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The Economic Times

Stalin finds his feet ahead of state polls in 2021

Stalin BCCL
DMK President, MK Stalin at a conference
Chennai: When MK Stalin took over as the president of the DMK in late August last year, his first speech contained a disclaimer and an assuring promise: “I am no Kalaignar (moniker for M Karunanidhi) but I have the courage to try.”

When Stalin made that statement, his older sibling MK Alagiri was lurking to grab power, a strident BJP was jockeying for pre-poll alliances in a state devoid of its Dravidian towers J Jayalalithaa and Karunanidhi, and a tottering AIADMK ridden with factionalism was slowly steadying itself. The cheers of the DMK cadre on Stalin’s elevation as the president of the party were accompanied by murmurs in political circles about a “leadership vacuum” in Dravidian land.

Forward a year, Stalin stands to claim one of the largest electoral victories in Tamil Nadu and has kept up his strong anti-BJP rhetoric post elections too, leveraging issues such as language imposition and Kashmir’s status dilution to his advantage in Tamil Nadu.

Insiders, allies and political advisers say they can see traces of fatherto-son inheritance in Stalin’s political acumen and leadership style. While there were situations when Stalin veered from the script and turned controversial where Karunanidhi would have deftly held on to his guns, they agree that the 67-year-old nevertheless had performed where it mattered.

Stalin arrested an eight-year victory drought for the party at the hustings that seemed to cast a perennial shadow on his stature as a politician. In May 2019, the DMK alliance swept all but one Lok Sabha seat in Tamil Nadu and Puducherry, making Tamil Nadu count among a handful of states where the BJP performed poorly; in the words of actor Rajinikanth, who has now openly come out in support of the BJP, an “anti-Modi wave” swept Tamil Nadu. DMK’s victory in 2019 follows several losses by varying margins in elections since the 2011 state Assembly elections, one of the lowest points being its loss of deposit in the RK Nagar by-poll won by TTV Dhinakaran, VK Sasikala’s nephew.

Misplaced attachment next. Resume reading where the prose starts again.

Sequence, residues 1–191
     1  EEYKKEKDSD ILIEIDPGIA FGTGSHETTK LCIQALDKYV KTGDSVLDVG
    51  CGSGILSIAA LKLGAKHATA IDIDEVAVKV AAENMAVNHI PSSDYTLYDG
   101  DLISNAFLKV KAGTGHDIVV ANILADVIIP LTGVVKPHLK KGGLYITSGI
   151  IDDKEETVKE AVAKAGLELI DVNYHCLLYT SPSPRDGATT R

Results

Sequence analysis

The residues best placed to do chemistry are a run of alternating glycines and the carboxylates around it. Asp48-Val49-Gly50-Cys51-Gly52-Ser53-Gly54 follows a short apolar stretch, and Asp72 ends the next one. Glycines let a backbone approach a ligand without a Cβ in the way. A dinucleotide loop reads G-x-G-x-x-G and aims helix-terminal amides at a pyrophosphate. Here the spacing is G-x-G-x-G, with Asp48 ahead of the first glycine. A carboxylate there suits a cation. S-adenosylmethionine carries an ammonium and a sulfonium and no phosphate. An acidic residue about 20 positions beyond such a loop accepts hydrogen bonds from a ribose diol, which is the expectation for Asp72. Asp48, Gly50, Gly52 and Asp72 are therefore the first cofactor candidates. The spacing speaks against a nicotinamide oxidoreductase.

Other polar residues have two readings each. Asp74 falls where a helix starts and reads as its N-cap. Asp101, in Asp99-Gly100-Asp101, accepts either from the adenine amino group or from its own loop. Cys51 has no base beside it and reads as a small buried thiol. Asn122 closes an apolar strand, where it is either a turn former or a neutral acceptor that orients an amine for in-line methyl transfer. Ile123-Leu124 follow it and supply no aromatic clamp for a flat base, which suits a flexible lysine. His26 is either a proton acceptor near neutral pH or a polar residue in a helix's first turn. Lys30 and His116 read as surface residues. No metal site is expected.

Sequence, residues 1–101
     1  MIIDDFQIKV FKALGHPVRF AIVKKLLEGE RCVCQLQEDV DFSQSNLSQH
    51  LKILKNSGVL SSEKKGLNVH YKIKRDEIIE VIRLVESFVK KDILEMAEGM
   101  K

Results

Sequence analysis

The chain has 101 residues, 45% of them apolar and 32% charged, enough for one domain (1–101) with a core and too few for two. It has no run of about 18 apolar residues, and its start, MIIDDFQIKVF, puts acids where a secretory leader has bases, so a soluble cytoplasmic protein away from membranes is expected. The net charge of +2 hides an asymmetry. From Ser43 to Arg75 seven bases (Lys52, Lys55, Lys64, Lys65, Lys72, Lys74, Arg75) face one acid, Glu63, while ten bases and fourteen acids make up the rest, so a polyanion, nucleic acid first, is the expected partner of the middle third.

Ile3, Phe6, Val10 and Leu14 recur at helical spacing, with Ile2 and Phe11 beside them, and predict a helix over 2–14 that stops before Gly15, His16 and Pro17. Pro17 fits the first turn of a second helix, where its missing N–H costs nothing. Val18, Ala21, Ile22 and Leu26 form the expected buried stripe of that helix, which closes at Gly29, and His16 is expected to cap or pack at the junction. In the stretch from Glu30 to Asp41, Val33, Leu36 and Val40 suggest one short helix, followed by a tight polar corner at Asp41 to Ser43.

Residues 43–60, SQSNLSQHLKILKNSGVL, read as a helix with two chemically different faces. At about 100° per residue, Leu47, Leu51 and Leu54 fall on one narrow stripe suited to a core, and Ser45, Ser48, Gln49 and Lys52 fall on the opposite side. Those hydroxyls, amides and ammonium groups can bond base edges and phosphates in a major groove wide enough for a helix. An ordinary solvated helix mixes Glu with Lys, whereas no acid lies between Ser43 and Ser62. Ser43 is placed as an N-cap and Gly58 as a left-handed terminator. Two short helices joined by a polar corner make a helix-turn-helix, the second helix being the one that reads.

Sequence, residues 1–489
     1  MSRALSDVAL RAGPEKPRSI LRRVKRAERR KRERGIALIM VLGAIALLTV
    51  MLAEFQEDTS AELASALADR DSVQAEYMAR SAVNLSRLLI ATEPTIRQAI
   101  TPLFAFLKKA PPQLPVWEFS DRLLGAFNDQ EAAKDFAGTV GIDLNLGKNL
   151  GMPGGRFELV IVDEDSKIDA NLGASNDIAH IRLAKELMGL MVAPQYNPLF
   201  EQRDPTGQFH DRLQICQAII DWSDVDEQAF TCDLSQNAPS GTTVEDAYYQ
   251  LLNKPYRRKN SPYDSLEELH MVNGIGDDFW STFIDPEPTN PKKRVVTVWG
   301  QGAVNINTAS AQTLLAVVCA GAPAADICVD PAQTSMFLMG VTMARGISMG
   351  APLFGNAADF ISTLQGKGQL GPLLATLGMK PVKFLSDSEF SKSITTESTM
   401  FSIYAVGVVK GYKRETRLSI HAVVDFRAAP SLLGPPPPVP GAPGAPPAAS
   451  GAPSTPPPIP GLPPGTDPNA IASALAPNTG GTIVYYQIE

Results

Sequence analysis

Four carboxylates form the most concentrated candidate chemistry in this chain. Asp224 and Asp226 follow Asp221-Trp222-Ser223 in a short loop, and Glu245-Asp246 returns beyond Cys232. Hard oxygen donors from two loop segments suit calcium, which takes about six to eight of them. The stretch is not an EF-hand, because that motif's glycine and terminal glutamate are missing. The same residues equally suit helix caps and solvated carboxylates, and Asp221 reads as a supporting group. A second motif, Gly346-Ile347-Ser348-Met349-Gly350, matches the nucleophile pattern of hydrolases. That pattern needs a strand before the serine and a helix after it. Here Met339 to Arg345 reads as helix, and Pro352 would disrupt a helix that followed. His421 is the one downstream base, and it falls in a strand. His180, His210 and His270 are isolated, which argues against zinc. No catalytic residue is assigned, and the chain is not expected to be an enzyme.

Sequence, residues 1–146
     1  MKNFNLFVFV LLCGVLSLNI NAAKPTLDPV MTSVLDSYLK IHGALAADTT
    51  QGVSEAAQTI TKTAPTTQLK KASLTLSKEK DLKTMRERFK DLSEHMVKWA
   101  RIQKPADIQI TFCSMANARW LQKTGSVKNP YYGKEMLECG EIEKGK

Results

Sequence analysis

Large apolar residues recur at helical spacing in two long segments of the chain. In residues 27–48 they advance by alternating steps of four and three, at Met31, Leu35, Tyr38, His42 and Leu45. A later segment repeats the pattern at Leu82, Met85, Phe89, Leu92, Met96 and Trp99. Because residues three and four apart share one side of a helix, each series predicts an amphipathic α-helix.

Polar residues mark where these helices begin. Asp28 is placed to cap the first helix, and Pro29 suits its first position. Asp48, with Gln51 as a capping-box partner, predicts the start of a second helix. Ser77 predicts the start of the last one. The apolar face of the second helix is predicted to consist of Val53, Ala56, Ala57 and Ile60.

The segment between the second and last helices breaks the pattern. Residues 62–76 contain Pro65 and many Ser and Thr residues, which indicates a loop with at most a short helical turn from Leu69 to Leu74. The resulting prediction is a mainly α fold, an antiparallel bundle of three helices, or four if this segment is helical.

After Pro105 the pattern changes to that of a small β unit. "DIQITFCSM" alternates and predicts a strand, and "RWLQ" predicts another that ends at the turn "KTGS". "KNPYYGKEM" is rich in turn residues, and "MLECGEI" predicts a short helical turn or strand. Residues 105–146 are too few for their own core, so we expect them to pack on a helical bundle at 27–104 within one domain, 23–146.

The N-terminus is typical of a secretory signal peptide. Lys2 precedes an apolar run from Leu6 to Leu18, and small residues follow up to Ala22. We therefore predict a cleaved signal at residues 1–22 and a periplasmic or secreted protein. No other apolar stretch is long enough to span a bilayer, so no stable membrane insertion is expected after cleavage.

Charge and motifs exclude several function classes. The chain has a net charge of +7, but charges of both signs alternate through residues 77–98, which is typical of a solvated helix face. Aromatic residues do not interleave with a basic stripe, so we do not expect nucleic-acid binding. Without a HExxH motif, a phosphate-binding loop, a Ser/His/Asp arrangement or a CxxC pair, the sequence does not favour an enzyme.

“Once he took over as president, there was a need to prove himself, and he did that effectively,” said Tiruchi Siva, DMK’s parliamentary party leader for the Rajya Sabha and a long-time associate of Stalin.

To his partymen, Stalin is a chip off the old block. “Many have asked about the differences between Stalin and his father. My take is that you cannot find one: his announcement of a protest to be conducted by MPs in Delhi, seeking the release of political leaders in Kashmir, is a key example. Karunanidhi would have done just that,” said a DMK leader on the condition of anonymity.

Analysts said some characteristic differences had showed up, too. Despite his success in consolidating power within the party, Stalin could be perceived as lacking in the killer instinct in capitalising on an opponent’s weakness, such as when the Edappadi Palaniswami government was short of numbers in the Assembly, said political observer N Sathiya Moorthy. Since the death of Jayalalithaa in December 2016, the AIADMK had been at its most vulnerable with multiple power centres and dwindling Assembly strength because of Dhinakaran’s external activations, an opportunity, that some may have felt, let go of by Stalin.

The recent elevation of his son, Udhayanidhi, as the DMK’s youth wing secretary, a position that Stalin had held for 34 years, also raised a few eyebrows.

In the recent elections, Dhinakaran and actor-turned-politician Kamal Haasan proved to be less of a threat and the foreseeable battle appears to be between the two arch-rivals, DMK and the AIADMK, barring actor Rajinikanth as a contender in wait for the state electoral season in 2021.



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